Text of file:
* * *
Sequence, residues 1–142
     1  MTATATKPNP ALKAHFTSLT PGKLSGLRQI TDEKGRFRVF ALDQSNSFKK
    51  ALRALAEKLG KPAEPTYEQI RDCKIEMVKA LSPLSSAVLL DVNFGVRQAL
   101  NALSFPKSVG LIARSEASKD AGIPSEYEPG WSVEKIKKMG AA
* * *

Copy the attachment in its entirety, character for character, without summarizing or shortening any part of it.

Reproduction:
Sequence, residues 1–142
     1  MTATATKPNP ALKAHFTSLT PGKLSGLRQI TDEKGRFRVF ALDQSNSFKK
    51  ALRALAEKLG KPAEPTYEQI RDCKIEMVKA LSPLSSAVLL DVNFGVRQAL
   101  NALSFPKSVG LIARSEASKD AGIPSEYEPG WSVEKIKKMG AA